Saturday, August 27, 2005

Los Angeles Times: Sheehan Vows Her Cause Is Just Beginning

The mother of a soldier killed in Iraq plans a national bus tour next month to protest the war, as emotions run high at 'Camp Casey.'

By Peter Wallsten
Times Staff Writer

August 26, 2005

CRAWFORD, Texas — The mother who pitched a tent near President Bush's property three weeks ago and watched her antiwar campaign gain momentum said Thursday that her efforts would not end, even if Bush granted her the face-to-face meeting she has been seeking.

Cindy Sheehan, whose 24-year-old son died in Iraq last year, said she would lead a national bus tour beginning Sept. 1 and ending Sept. 24, when the group she co-founded, Gold Star Families for Peace, and other antiwar organizations would settle on a more permanent site in Washington.

A 48-year-old from Vacaville, Calif., Sheehan laid our her plans before a crush of photographers and reporters from around the world who have converged on her expanded protest encampment.

Dubbed Camp Casey II after Army Spc. Casey Sheehan, it features a large tent rising from the grassy plains and buffet dinners for activists. She was speaking upon her emotional return after a five-day absence to care for her ailing mother in the Los Angeles area.

Her comments came the day after Bush returned to Texas following a three-day Western swing in which he aggressively responded to Sheehan's protests, asserting that she does not speak for other military moms and that her call for the immediate withdrawal of troops from Iraq "would only embolden the terrorists."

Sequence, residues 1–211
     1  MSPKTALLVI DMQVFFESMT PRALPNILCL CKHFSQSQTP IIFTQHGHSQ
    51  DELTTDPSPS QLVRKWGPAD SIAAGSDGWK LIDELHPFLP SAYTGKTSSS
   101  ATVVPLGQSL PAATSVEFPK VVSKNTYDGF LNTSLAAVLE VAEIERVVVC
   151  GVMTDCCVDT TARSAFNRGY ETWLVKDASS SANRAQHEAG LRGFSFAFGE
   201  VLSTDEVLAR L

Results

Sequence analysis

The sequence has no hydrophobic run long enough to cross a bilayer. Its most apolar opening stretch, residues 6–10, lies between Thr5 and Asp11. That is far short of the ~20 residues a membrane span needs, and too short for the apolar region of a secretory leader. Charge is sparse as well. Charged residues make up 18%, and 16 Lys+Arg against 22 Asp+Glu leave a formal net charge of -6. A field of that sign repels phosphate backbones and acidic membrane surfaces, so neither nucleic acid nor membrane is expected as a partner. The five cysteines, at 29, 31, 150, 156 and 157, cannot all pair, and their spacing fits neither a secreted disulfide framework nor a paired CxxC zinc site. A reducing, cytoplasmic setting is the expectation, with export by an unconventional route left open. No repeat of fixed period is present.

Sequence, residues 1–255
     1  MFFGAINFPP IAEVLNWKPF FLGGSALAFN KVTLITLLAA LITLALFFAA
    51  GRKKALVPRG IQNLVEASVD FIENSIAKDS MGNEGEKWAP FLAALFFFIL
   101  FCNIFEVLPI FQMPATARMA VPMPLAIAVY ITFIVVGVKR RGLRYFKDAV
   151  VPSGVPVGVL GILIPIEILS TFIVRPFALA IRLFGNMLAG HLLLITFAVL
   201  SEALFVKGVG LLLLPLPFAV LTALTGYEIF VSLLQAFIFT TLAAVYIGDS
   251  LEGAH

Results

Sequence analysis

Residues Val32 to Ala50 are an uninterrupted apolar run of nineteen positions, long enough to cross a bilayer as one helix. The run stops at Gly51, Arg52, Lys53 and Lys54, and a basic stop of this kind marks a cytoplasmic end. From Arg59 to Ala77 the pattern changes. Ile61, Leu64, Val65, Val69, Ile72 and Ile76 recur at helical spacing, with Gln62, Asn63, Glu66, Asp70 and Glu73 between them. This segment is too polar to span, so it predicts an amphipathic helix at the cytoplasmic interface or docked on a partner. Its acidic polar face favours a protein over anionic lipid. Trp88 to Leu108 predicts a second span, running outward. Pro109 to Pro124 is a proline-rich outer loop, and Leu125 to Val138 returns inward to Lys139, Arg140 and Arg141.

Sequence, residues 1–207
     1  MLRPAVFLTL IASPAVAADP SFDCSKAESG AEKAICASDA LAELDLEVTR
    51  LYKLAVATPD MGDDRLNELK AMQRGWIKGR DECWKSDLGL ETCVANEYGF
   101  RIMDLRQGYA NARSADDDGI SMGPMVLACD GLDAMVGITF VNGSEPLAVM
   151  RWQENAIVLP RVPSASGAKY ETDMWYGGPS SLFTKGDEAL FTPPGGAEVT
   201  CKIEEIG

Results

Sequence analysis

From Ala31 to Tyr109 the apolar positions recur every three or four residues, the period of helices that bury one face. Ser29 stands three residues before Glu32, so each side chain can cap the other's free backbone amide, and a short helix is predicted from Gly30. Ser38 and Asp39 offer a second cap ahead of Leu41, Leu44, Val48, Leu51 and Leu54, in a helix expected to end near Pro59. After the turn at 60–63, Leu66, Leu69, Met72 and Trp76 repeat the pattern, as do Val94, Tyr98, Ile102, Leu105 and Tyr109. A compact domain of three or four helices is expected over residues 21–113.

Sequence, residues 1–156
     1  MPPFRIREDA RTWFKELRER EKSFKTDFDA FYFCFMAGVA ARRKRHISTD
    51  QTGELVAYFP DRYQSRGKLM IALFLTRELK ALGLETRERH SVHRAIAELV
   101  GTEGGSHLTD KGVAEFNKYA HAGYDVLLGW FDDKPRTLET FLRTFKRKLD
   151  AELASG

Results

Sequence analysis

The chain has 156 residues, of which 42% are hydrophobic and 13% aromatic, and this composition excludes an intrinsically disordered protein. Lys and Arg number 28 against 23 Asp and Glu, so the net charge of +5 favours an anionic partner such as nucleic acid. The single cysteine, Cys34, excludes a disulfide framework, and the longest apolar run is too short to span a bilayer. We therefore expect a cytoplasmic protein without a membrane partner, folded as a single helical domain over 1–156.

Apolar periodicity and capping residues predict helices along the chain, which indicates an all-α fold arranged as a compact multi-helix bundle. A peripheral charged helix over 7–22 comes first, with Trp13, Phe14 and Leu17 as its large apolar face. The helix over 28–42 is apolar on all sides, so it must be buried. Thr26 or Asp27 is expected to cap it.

Sheehan said, "I'm just so honored that the universe chose me to be the spark that has set off a raging inferno.

"And when I had to leave," she added, "it proved that you don't need the spark anymore, because the fire is burning. And it's not going to go out. If George Bush came out and spoke with me today and we went home, this wouldn't end."

But a White House spokesman said withdrawing U.S. forces from Iraq would encourage terrorists. Spokesman Trent Duffy cited the Sept. 11 commission report to bolster administration statements that the effort in Iraq is part of a broader war on terrorism.

"The name of that chapter is called, 'The Foundation of the New Terrorism,' " Duffy said. "And the bipartisan commission members wrote about the U.S. reaction to terrorist acts overseas in the years leading up to 9/11. They reached a fundamental conclusion: When America takes a single step backwards in the face of terrorism overseas, it brings the terrorists 50 steps closer to our own shores."

Still, Duffy declined to rule out a potential meeting between Bush and Sheehan. "If there's anything to announce on the president's schedule, we'll let you know," Duffy said, noting that Bush had met privately with nearly 300 families of fallen soldiers. Among them were 19 families that met with the president and his wife, Laura Bush, this week near Boise, Idaho.

In 2004, Sheehan was part of a group of military families that met with Bush at Ft. Lewis, Wash., near Seattle. But she has since said that she was offended by how the president handled the meeting and that her opposition to the war had intensified.

Shortly after the 2004 meeting, Patrick Sheehan, her husband, was quoted in the Reporter of Vacaville as saying, "We have a lot of respect for the office of the president, and I have a new respect for [Bush] because he was sincere and he didn't have to take the time to meet with us."